Retail Competency: Ability To Self-Motivate

Image Source: Beth Boyd
Image Source: Beth Boyd

#Retail Competency: Ability To Self-Motivate

I am pathologically self-motivated. I always have been. I graduated high-school one month after turning 16 because I was desperate to move on from traditional learning methods. I was hungry to see what was next. When first started in retail when I was 18 years old and was insanely motivated (and I worked with an amazing leadership team who saw how committed I was), I worked hard and crushed my job description and asked for additional responsibilities and within six months was promoted to a District Manager. Since then (over the course of many, many…many years) I have accomplished a lot in retail. I have learned a lot. I have continued to work on upskilling, learning, stretching to improve my professional growth. In those moments when I think I have conquered all there is to conquer I take on the next thing that scares me the most on my list and I work on that. (Case in point: starting a blog based on my work and passion of our retail industry).

It always (1) surprises and (2) concerns me when I hear employees say things like “What’s my motivation?” or “What’s in it for me?” – My answer is always the same “your future success”.

I subscribe to the philosophy that no one owes you anything …only you owe you something. You want to be great? YOU have to be dedicated, fierce, and fearless about your growth, your development, your future.

I love working with smart, passionate, driven individuals. They help to keep me focused and engaged. I am committed and eager to support the growth of those who are hungry for knowledge, experience, and expanding outside of their job description – that equals solid character and the ability to self-motivate. This also speaks to their work-ethic, integrity, and personal brand.

What characteristics best define a person who is self-motivated?

(1) They are open to making mistakes
(a) Trying new things means stumbling, making mistakes
(b) Nothing great was ever achieved by playing it safe…ever…
(c) Be able to take the best parts of a concept and reinvent the challenging areas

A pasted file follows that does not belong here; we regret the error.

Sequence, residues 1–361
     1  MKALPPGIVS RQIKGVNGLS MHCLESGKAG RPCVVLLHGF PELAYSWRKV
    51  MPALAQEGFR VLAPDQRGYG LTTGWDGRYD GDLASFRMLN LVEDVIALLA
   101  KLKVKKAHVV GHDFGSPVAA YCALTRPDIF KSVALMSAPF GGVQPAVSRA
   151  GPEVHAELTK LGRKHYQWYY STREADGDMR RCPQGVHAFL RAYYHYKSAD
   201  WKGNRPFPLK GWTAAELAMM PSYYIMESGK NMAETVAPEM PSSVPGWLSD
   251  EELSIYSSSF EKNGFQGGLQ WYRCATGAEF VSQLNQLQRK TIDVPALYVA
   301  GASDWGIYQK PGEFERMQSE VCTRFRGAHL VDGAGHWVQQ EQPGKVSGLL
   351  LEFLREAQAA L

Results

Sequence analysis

(d) They have a sense of humor about themselves

(2) They make it a habit to finish what they start
(a) Mediocre people give up when they don’t achieve results immediately
(b) Mediocre to poor performers make excuses for why they “can’t”!
(c) They are tenacious, flexible, and focused when they have a challenge or obstacle

(3) They are supportive coworkers
(a) They, frequently, will assist someone who is struggling
(b) They step in and help overcome business obstacles
(c) They share information/best practices openly
(d) They are transparent in their communication

(4) They are never bored
(a) They constantly busy working through challenges
(b) They are often focused on physical activity
(c) They have lots of interests and hobbies

(5) They LOVE a challenge
(a) They are strategic and innovative and will find a way to make the result great
(b) They build effective partnerships with their coworkers for support
(c) They dive into the task with enthusiasm

(6) They contribute
(a) On conference calls, they will speak to their business
(b) During meetings they will contribute valuable information
(c) They deliver positive, lively, supportive information to their peers and supervisors
(d) They are positive and developing great working relationships
(e) They help support a positive workplace culture

(7) They actively self-develop
(a) They can articulate what they don’t know
(b) They pursue knowledge in those areas by reading or partnering with people who are skilled in the area they are deficient
(c) They are determined to stretch themselves outside their job description

(8) They are positive
(a) They rise to every occasion, problem, challenge, and every momentary setback
(b) They are resilient and get back up and try again
(c) They can motivate others to strive for greatness

As I have said previously – retail is not an industry that is known for robust training plans and development plans for their employees. We, generally, are hired because we possess the experience and competencies to be able to meet the job description of the role. Most people step into a role hoping for growth, hoping for career opportunities – hopefully you work in a retail organization that supports vigorous career and competency growth and your executive team believes in investing in their team’s future – in that case, you are more likely to get an equal contribution of motivation from your employer.

But your growth and development will only be as effective as the level of motivation and enthusiasm you bring to it. You should never expect to give anything less than 100%.


If you work in a company that is chaotic and development is not a priority, you will need to bring your ability to self-motivate yourself – without support. You need to find the reasons that make your job have meaning, that make you stand-out, that support your career growth. You cannot rely on anyone else to meet you half-way, and depending on how little of a priority development is…even 25% of the way. Being able to self-motivate is the only way to ensure that you maximizing your development potential.


Founder and Editor in Chief of Excellence In Retail. Published writer. Frequent Podcast Guest. Speaker. Twenty year [oy vey!] retailer. I am passionate about leadership development and workplace culture. 646 246 1380 | [No Sales Contact, please} But it you want to call just to say hello or have a question - that's awesome!

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